LAS VEGAS -- Prior to the inaugural flyweight championship bout at UFC 152 in Toronto in September 2012, Joseph Benavidez obviously envisioned himself winning -- but his imagination didn’t stop there.
In his hotel room the night before, he showed off the suit and tie he would wear, as champion, to the postfight news conference. He had arranged to meet his family at the Sacramento airport the day after the fight where he would deplane, of course, with the belt on his waist. Local camera crews were expected.
It’s not that he lacked respect for his opponent in that fight, Demetrious Johnson. He had just dreamed of those scenes for so long -- they felt like they were already real.
For years he’d waited to compete not only in the UFC, but also at his ideal weight of 125 pounds. He’d hung a photo of the belt on his mantel to save a spot for the real thing. Everything had finally come together in September. It was his time.
Those were Benavidez’s expectations. Reality did not accommodate. Benavidez and his camp admit he fought, perhaps due to the pressure he put on himself, a little stiff. He dropped a split decision to Johnson in a performance he’s watched only once since and won’t watch again any time soon.
“It was really hard coming to the realization of that fight and that opportunity I had waited so long for was gone and it didn’t happen like I wanted it to,” Benavidez told ESPN.com.
“Even coming back from Canada, I had my two brothers who I haven’t seen in five years and my mom meeting me at the airport. We had the worst luck on my flight back. We got stuck in San Francisco where we had to rent a car and drive back. We didn’t have any of our bags. So, we’re sitting in a rental car, in traffic; I’m heartbroken. It was like, ‘Wow, this isn’t how I pictured it.’ ”
Johnson and Benavidez are two different fighters in the cage. The week of UFC 152, it was clear they were operating in very different ways outside of it as well.
The eventual champ, Johnson, appeared calm during the week -- loose. Benavidez cracked a joke here and there, but he and his camp admit he was different leading up to the fight.
Basically, it seemed like one guy was enjoying himself. The other couldn’t.
“He was tense,” said Jimmy Gifford, Benavidez’s boxing coach. “He had been tweeting ‘flyweight champion, 2012,’ all year; it meant everything to him.
“I wasn’t worried about him before the fight, but I knew he was a little different. Fight week, he wasn’t himself. He was just a mean kid, rather than the fun, outgoing Joe. He had a scowl on his face.”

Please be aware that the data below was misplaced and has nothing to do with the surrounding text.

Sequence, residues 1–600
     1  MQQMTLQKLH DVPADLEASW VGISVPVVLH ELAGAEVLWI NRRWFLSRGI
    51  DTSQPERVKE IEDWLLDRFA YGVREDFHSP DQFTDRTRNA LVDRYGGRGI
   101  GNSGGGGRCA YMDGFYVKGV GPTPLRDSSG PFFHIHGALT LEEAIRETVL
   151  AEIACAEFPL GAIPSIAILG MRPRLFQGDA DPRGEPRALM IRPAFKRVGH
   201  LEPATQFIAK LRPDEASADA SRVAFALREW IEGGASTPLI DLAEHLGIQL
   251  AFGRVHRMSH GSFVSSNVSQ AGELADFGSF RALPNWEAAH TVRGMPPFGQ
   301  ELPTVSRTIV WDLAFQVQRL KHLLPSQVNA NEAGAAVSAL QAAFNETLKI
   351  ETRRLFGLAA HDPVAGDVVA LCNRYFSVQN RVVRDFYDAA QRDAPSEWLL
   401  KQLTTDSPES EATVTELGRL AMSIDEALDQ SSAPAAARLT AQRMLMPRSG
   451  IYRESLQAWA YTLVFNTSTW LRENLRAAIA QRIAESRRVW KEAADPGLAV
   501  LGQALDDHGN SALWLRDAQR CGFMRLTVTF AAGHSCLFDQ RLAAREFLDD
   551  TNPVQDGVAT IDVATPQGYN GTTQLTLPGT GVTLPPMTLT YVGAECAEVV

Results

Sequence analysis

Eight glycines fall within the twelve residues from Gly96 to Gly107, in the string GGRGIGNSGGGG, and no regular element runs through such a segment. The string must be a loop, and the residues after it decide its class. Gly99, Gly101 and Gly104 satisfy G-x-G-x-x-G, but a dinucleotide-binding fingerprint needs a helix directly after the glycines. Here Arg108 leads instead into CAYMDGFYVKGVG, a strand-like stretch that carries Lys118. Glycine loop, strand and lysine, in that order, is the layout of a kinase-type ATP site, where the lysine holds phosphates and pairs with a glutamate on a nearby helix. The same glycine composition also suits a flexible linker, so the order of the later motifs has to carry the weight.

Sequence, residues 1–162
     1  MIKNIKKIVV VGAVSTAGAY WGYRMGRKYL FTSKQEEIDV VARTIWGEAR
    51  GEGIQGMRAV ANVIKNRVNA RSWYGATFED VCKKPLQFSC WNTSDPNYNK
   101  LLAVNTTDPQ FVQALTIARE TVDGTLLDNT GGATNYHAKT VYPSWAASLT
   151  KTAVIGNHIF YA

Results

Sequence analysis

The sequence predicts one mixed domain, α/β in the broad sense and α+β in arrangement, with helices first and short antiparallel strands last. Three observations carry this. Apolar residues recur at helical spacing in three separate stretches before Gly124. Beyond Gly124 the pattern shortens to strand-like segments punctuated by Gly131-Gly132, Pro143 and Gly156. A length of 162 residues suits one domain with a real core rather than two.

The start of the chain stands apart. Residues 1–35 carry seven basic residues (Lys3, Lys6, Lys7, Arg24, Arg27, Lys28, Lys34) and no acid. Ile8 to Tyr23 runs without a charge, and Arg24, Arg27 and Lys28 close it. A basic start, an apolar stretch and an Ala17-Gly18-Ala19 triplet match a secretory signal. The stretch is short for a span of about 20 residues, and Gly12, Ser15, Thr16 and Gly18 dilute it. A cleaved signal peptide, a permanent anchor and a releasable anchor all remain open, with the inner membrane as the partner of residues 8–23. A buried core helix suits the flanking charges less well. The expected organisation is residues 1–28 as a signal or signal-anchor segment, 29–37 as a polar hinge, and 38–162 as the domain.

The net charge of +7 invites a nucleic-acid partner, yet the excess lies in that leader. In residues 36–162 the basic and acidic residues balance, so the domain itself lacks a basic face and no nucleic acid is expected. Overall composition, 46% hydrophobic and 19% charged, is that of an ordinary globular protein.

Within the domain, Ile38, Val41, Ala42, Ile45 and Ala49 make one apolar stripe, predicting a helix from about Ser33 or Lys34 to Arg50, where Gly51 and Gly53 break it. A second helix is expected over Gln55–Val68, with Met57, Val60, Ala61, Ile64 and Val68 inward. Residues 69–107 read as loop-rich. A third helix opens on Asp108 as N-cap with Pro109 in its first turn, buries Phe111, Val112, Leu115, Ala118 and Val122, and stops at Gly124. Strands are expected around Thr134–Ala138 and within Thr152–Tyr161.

The story is a bit of a downer, and gets downright depressing when you read the poem Benavidez penned in the days following the loss. In it, he wrote phrases described himself as "dead inside," and added, “To feel self worth, that’s all you crave.”
There is room for a happy ending, though. When the rental car finally got him to the Sacramento airport, it turned out his family, girlfriend and teammates still loved him despite the loss. It’s given him a new outlook on any future title fight and his upcoming bout against Ian McCall at UFC 156 this weekend in Las Vegas. Never again will he treat a contest as though it’s life and death.
“Once I saw my family, it made me realize that I’m still lucky,” Benavidez said. “That was a big learning experience. Not just [Demetrious] hit me with this punch -- that basic stuff. I learned things in general.
“I’m one of two people in the world who fought for the inaugural title. I’m in a small percentage of people that get to do what they love to do for a living. I’m lucky.”
Benavidez says he’s in no rush to get back to the title, although a win over McCall might solidify his spot as the No. 1 contender, despite his loss to Johnson was just four months ago.
Actually, if given the option, he might even prefer getting at least two fights in before taking another shot at the belt, but he’ll leave that decision to the UFC. Right now, he’s focused on improving and reminding himself to enjoy it. If he does that, there’s still hope everything he had imagined would happen in September isn’t dead yet.
“Talent-wise, he’s right there at the top,” Gifford said. “All the everyday things I see him do -- I know he’s the best. I said to him in the gym the other day after his workout, ‘You were only off by one year, bro. You said 2012, you’ll get the belt in 2013.' ”